Wild at heart

19th Oct 2020

Can craft beer brands protect their IP as well as their independent spirit?

brewery worker

The craft beer market in the UK has grown exponentially in recent years and is currently providing consumers with a sensational selection of high-quality brews.

Discerning beer drinkers in the UK have their pick of some of the world’s best breweries, and the market has become extremely competitive as a result. Meanwhile, thanks to media coverage of several large-scale disputes over the past decade, we’ve seen that enforcement of IP rights in the brewing space is subject to certain peculiarities, and it has become clear that a specialised enforcement strategy and understanding of the industry are key.

In fact, the craft beer industry in the UK is an unusual beast: craft breweries must strike a balance between maintaining a desirable (and saleable) spirit of collaboration and community while enforcing IP and protecting their brands. These goals sometimes come into conflict, and breweries leaning too far in either direction will often be penalised through negative PR or commercial brand damage. Enforcement that appears heavy-handed or overly “corporate” may damage a brand beyond repair if made public, but failing to protect one’s IP may dilute or damage a brand.

At the same time, given the rise of contract brewing and the corresponding decline in openings of new physical breweries, it has never been easier to get your brand on a product. Traditionally, brewers would need to commit to expensive equipment and space, but these initial overheads can now be avoided and products can be on shelves more quickly than ever. This has made the branding of individual products vital and the clamour for consumer recognition even greater.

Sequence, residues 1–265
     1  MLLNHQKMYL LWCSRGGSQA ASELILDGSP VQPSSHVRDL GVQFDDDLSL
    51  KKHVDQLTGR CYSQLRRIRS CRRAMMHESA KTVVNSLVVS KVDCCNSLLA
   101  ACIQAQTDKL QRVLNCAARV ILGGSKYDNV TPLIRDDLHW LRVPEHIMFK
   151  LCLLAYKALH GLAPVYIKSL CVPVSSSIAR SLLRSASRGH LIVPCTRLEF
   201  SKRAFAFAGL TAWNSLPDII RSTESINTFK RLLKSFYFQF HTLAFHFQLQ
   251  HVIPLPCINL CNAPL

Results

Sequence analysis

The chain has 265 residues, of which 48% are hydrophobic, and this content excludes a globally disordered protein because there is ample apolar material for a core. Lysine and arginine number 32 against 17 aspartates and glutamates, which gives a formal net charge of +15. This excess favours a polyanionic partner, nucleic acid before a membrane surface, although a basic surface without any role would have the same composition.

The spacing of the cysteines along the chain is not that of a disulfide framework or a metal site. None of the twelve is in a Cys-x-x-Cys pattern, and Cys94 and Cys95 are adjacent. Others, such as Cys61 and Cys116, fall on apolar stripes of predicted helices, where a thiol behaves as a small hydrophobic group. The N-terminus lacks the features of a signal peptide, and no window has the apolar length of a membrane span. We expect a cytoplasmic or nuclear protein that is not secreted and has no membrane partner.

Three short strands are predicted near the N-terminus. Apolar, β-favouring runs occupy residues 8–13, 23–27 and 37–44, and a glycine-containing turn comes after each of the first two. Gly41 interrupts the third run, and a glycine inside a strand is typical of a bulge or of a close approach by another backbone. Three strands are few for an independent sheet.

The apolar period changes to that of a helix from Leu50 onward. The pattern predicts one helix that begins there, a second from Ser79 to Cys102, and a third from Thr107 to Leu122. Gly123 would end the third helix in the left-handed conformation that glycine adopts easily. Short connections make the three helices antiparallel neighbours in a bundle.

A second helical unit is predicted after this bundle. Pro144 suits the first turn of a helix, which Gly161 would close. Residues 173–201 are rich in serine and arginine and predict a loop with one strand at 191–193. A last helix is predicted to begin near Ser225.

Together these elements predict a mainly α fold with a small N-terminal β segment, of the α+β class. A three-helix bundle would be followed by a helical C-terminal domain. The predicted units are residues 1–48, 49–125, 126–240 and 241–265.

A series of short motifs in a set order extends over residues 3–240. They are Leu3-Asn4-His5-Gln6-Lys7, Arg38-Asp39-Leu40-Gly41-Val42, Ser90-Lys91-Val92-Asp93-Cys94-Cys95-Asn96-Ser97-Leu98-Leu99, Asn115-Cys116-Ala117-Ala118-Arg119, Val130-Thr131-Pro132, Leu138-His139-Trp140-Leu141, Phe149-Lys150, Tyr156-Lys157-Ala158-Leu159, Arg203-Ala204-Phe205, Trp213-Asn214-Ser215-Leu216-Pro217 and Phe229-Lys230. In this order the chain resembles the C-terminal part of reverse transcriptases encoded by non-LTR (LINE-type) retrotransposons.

However, despite the growing competition, the craft beer market maintains a strong sense of community. Commenting for this article, Jaega Wise, Head Brewer at Wild Card Brewery in East London, says that “the industry is casual, friendly and ultimately relationship-based”. This results in plenty of collaborations between breweries and well-attended events aimed at the brewers themselves. With this in mind, one might wonder how to take a hard stance in protecting brands while still maintaining industry relationships – all against a backdrop of products that qualify as fast-moving consumer goods well-suited to injunctive relief.

Marketing masterclass

A recent incident involving BrewDog and ALDI is a fascinating example of enforcement and collaboration in the brewing space. BrewDog has announced (at the time of writing) that ALDI will shortly stock a new product named ALD IPA, made by BrewDog. This followed a very public back-and-forth between the two parties over social media. The exchange began with an announcement by ALDI of an “Anti-establishment IPA”, the packaging of which carried some visual similarities to BrewDog’s flagship Punk IPA – a development that met with BrewDog’s disapproval.

A few weeks on, it appears the parties have – with impressive speed – concluded that dispute in a sensationally beneficial manner for both sides. In creating a new product in collaboration, ALDI will stock another highly desirable beverage and BrewDog will benefit from a huge number of sales while maintaining its disruptive image. The involvement of the public in the lively and good-natured banter between the parties via social media has only furthered the parties’ interests. Indeed, Wise considers it a “marketing masterclass”, and it’s hard to disagree.